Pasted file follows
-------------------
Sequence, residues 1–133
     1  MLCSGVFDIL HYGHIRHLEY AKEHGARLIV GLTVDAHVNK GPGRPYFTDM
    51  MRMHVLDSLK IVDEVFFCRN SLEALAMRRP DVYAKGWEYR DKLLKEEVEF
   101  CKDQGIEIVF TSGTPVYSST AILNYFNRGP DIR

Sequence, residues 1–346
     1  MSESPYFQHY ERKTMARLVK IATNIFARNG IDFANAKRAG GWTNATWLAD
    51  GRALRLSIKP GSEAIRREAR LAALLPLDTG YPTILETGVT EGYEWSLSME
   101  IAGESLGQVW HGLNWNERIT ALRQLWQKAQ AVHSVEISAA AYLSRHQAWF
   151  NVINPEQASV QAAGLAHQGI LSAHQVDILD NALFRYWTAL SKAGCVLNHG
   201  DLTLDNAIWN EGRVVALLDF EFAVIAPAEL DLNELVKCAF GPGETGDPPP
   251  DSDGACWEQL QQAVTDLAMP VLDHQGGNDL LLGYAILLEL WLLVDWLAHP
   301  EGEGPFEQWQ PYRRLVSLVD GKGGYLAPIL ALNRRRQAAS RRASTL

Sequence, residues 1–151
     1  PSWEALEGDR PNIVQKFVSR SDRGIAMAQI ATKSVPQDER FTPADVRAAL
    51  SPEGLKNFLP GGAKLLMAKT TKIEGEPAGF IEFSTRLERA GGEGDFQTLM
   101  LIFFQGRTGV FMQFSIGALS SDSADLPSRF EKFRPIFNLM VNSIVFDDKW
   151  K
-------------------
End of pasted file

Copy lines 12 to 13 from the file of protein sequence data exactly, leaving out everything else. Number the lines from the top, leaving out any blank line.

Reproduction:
   301  EGEGPFEQWQ PYRRLVSLVD GKGGYLAPIL ALNRRRQAAS RRASTL

Sequence, residues 1–151